In the central Appalachians, carbonate deposition of the great American carbonate bank began during the Early Cambrian with the creation of initial ramp facies of the Vintage Formation and lower members of the Tomstown Formation. Vertical stacking of bioturbated subtidal ramp deposits (Bolivar Heights Member) and dolomitized microbial boundtsone (Fort Duncan Member) preceded the initiation of platform sedimentation and creation of sand shoal facies (Benevola Member) that was followed by the development of peritidal cyclicity (Daragan Member). Initiation of peritidal deposition coincided with the development of a rimmed platform that would persist throughout much of the Cambrian and Early Odrovician. At the end of deposition of the Waynesboro Formation, the platform became subaerially exposed because of the Hawke Bay regression, bringing the Sauk I supersequence to and end. In the Conestoga Valley of eastern Pennsylvania, Early Cambrian ramp deposition was succeeded by deposition of platform-margin and periplatfrom facies of the Kinzers Formation.
The basal Sauk II transgression during the early Middle Cambrian submerged the platform and reinitiated the pertidal cyclicity that had characterized the pre-Hawke Bay deposition, This thick stack of meter-scale cycles is preserved as the Pleasant Hill and Warrior Formations of the Nittany arch, the Elbrook Formation of the Great Valley, and the Zooks Corner Formations of the Conestoga Valley. Deposition of peritidal cycles was interrupted during deposition of the Glossopleura and Bathuriscus-Elrathina Biozones by third-order deepening episodes that submerged the platform with subtidal facies. Regressive facies of the Sauk II supersequence produced platform-wide restrictions and the deposition of the lower sandy member of the Gatesburg Formation, the Big Spring Station Member of the Conococheague Formation, and the Snitz Creek Formation. Submergence of the platform was initiated during the late Steptoean (Elvinia Zone) with the epansion of extensive subtidal thrombotic boundstone facies. Vertical stacking of no fewer than four of these thrombolite-dominated intervals records third-order deepening episodes separated by intervening shallowing episodes that produced peritidal ribbony and laminated mudcracked dolostone.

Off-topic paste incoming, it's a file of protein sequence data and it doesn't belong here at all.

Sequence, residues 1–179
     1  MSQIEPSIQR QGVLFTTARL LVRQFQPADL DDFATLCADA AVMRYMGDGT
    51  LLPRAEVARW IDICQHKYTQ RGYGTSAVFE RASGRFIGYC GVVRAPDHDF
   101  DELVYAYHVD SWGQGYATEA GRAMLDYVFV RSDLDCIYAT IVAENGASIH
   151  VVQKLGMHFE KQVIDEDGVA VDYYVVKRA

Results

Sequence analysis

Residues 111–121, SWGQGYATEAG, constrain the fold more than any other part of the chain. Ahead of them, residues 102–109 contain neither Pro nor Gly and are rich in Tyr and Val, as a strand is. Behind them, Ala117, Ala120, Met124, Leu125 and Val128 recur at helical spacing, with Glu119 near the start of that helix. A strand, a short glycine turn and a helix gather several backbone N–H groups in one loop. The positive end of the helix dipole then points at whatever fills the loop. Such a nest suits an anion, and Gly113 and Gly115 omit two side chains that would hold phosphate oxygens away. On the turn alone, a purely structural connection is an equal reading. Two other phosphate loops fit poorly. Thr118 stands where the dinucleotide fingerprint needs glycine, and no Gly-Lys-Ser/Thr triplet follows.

The maximum deepening of the Sauk III transgression produced the Stonehenge Formation in two separate and distinct third-order submergences. Circulation restriction during the Sauk III regression produced a thick stack of meter-scale cycles of the Rockdale Run Formation, and the lower Bellefonte Dolomite of the Nittany arch (central Pennsylvania). This regressive phase was interrupted by a third-order deepening event that produced the oolitic member of the lower Rockdale Run and the Woodsboro Member of the Grove Formation in the Frederick Valley. Restricted circulation continued into the Whiterockian, with deposition of the upper Rockdale Run and the Pinesberg Station Dolomite in the Great Valley and the missile and upper parts of the Bellefonte Dolomore and the Nittany Arch region. This deposition was continuous from the Ibexian into the Whiterockian; the succession lacks significant unconformities and there are no missing biozones through this interval, the top of which marks the end of the Sauk megasequence.
During deposition of the Tippecanoe megasequence, the peritidal shelf cycles were reestablished during deposition of the St. Paul Group. The vertical stacking of lithologies in the Row Park and New Market Limestones represents transgressive and regressice facies of a third-order deepening event. This submergence reached its maximum deepening within the lower Row Park Limestone and extended with the Nittany arch region with deposition of equivalent Loysburg Formation.. Shallow tidal-flat deposits were bordered to the south and east by deep-water ramp deposits of the Lincolnshire Formation. The St. Paul Group is succeeded upsection by ramp facies of the Chamersberg and the Edinburg Formations in the Great Valley, whereas shallow-shelf sedimentation continued in the Nittany-arch area with the depostion of the Hatter Limestoen and the Snyder and Linden Hall Formations. Carbonate deposition on the great American carbonate bank was brought to an end when it was buried beneath clastic flysch deposits of the Martinsberg Formation. Foundering of the bamk was diachronus, and the flysch seidments prograded from east to west.
Additional publication details
|Publication type||Book chapter|
|Publication Subtype||Book Chapter|
|Title||Sequential development of platform to off-platform facies of the great American carbonate bank in the central Appalachians: chapter 15|
|Series title||AAPG Memoir|
|Publisher location||Tulsa, OK|
|Contributing office(s)||Eastern Geology and Paleoclimate Science Center|
|Larger Work Type||Book|
|Larger Work Subtype||Monograph|
|Larger Work Title||The great American carbonate bank: The geology and economic resources of the Cambrian–Ordovician Sauk megasequence of Laurentia|
|State||Maryland, Pennsylvania, Virginia, West Virginia|
|Online Only (Y/N)||N|
|Additional Online Files (Y/N)||N|